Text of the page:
News

Announcing our 2017 commission recipients

Triple Canopy is pleased to announce that Jesse Chun, Heidi Lau, Xiaoshi Vivian Vivian Qin, and Derica Shields are the recipients of our eighth annual call for proposals. The magazine invited artists and writers to propose projects for inclusion in an upcoming issue devoted to resentment—the aesthetics of this affect and its formal and political possibilities. In the next year, the recipients will work closely with editors on the creative and technical realization of their projects, which may be digital works of art or literature, performances, or print publications.

We thank everyone who applied and congratulate this year’s recipients!

2017 Commission Recipients

Jesse Chun, WORKBOOK (Intro to Intro), 2017.

Jesse Chun is a New York-based visual artist from Seoul, New York, Hong Kong, and Toronto. Her digital project “WORKBOOK” will examine the rhetoric and aesthetic found in English as a Second Language (ESL) education. Drawing from ESL workbooks and online courses, Chun will edit, translate, and reinterpret select grammar and conversation books, online tutorials, audio, and standardized tests. In an attempt to unlearn, “WORKBOOK” will unpack the linguistic hierarchy and conditions of readability that accompany the English language, which continues to be the dominant “common language” of international relations, business, and the internet. Chun’s project asks: Could English ever become secondary? Could visual language come first? Could poetry, or 한글?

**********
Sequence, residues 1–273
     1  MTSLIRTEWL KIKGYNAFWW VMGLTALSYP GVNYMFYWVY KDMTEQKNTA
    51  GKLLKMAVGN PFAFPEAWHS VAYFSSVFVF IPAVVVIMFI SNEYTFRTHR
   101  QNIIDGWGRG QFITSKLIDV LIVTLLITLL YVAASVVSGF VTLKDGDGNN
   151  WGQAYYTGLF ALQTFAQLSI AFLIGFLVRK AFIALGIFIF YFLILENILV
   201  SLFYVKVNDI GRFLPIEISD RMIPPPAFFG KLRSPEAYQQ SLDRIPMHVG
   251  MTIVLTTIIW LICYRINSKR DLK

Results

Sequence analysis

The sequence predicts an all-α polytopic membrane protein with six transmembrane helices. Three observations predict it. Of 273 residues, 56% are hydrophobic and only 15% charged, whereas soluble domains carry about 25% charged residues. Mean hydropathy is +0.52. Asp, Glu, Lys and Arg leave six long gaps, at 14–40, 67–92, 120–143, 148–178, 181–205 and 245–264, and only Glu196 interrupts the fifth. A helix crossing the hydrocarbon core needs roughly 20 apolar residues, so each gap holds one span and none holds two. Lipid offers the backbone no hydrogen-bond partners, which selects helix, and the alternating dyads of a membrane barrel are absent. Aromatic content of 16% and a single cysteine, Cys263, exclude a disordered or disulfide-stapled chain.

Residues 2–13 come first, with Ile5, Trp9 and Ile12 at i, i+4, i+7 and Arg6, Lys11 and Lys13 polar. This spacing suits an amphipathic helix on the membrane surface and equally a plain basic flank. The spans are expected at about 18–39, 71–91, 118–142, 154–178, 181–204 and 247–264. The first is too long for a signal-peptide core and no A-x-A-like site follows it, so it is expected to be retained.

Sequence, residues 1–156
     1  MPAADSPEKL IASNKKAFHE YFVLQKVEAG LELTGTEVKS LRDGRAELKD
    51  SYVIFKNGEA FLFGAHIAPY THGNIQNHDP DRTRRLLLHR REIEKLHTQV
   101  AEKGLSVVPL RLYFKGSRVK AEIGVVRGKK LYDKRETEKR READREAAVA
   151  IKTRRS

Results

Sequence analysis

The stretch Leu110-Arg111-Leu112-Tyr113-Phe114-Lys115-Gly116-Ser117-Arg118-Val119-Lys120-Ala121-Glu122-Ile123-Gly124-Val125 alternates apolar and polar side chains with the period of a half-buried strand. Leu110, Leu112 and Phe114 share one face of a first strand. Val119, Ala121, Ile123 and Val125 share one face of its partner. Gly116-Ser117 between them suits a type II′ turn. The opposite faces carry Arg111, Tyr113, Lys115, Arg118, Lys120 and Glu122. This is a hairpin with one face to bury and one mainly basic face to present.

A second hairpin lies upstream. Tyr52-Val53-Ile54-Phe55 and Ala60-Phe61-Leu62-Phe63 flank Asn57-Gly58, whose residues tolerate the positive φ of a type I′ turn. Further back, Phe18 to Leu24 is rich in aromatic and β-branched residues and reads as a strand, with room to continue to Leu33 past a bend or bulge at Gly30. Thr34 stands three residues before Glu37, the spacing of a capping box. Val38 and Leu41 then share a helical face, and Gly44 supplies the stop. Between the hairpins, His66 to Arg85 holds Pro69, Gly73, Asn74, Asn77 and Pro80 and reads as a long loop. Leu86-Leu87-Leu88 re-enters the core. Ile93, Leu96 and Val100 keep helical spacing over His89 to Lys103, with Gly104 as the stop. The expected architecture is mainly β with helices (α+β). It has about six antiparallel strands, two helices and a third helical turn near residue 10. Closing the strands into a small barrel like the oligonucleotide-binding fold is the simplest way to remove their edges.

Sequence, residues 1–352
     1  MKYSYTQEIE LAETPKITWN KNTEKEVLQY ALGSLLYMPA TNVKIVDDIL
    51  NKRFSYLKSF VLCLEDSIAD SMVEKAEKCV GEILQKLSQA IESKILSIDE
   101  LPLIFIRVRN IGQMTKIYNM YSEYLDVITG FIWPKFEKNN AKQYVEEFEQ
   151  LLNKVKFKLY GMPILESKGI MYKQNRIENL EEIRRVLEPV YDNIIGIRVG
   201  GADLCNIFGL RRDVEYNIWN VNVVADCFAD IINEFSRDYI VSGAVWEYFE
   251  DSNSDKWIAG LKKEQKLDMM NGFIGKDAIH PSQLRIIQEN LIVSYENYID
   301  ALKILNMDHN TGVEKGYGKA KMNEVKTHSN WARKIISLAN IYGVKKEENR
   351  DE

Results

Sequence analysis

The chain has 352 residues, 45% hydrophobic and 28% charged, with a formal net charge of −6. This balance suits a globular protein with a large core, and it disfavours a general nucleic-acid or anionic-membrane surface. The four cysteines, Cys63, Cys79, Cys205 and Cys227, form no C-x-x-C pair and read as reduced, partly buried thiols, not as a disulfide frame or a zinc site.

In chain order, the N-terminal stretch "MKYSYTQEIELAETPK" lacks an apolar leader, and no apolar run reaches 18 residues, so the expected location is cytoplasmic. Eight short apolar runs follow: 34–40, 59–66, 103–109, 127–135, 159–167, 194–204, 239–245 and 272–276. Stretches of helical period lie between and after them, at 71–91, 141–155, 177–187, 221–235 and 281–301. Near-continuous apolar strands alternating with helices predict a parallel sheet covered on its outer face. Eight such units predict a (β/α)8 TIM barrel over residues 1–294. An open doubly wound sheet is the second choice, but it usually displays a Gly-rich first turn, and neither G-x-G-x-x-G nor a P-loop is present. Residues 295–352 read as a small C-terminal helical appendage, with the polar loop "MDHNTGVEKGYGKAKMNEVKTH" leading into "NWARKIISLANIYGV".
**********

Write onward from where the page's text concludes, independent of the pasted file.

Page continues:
A still from Justice Pao, 1993. The subtitles read, “The so-called legal theory….”

Heidi Lau is a founding member of An/other NY and an artist who works with ceramics, drawing, video, hauntology, and Taoist traditions. Xiaoshi Vivian Vivian Qin is an artist and the founder and editor-in-chief of Ruthless Lantern, a Cantonese-style art gossip magazine. Lau and Qin will produce a semifictional performance, “A Court of Ghosts,” which will recreate the theatrical court of the 1993 Taiwanese TV series Justice Pao in Triple Canopy’s space. Justice Pao chronicles the court cases of Pao Cheng, a righteous Song dynasty justice and Chinese cultural symbol who used supernatural powers along with science and logic to seek truth and justice. As in Justice Pao’s court, “A Court of Ghosts” will invoke the supernatural power of ghosts—the embodiment of unresolved resentments—to convene a tribunal on current systemic oppressions, including the gentrification of Manhattan’s Chinatown and sexual harassment within and directed at Asian diasporic communities. Through community engagement and the theater of antics, myth, gossip, and provincial superstition, “A Court of Ghosts” will highlight injustice and disseminate stories of resentment collected from Guangzhou, Macau, and the diasporic communities in New York.

A still from “Royal Visit,” 1965. Courtesy of the British Pathé Archive.

Derica Shields is a writer, editor, and programmer from London. “A Heavy Nonpresence” is an oral history project centering the accounts of black adults and children of their encounters with the contemporary British welfare state. Each interview will be anonymized and exist as both a full-length transcript and a version edited by Shields. The transcripts will live online as a digital archive, while the condensed accounts will circulate in booklets, taking cues from the 1985 book The Heart of the Race: Black Women’s Lives in Britain, in which Beverley Bryan, Stella Dadzie, and Suzanne Scafe use oral testimony to reveal the daily experiences, attitudes, and struggles of black women. “A Heavy Nonpresence” intends to be a space to articulate survival strategies and coping mechanisms that are usually pathologized as unproductive, lacking respectability, “crazy,” or criminal, and to air emotions including but not limited to rage, shame, ingratitude, and resentment. The project refuses the ambient political insistence that the welfare system’s foundational antiblackness can only be addressed once the system has been “saved” from the conservative right. It does not aspire to provide a lexicon for or politicize non-black people; it is rooted in black thinking and feeling about how we can, and already do, address black injury when redress is impossible.